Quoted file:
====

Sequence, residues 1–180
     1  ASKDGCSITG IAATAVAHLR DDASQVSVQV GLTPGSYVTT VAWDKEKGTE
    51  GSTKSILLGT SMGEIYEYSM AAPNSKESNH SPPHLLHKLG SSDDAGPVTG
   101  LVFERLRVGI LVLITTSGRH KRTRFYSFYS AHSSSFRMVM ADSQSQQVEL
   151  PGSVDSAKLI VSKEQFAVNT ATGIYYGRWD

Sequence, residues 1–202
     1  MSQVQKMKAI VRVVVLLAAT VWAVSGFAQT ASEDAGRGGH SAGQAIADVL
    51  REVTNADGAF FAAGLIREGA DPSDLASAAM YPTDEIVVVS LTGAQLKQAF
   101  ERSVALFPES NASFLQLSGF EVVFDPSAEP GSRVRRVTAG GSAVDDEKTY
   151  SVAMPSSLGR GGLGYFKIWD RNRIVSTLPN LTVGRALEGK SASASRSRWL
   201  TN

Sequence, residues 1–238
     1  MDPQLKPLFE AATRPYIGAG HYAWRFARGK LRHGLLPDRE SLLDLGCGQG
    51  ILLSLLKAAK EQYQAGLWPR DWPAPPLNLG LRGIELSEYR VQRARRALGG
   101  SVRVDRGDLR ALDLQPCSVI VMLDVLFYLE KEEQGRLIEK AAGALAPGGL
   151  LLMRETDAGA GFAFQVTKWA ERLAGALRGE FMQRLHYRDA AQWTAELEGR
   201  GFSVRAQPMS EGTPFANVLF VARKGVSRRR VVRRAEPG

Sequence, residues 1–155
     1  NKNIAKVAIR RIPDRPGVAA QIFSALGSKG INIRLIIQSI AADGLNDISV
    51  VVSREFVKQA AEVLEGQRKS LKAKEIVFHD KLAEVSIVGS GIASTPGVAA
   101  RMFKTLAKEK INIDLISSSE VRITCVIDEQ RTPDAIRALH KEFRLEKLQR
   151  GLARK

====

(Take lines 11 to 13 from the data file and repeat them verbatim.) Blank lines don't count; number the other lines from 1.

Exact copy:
   201  TN

Sequence, residues 1–238
     1  MDPQLKPLFE AATRPYIGAG HYAWRFARGK LRHGLLPDRE SLLDLGCGQG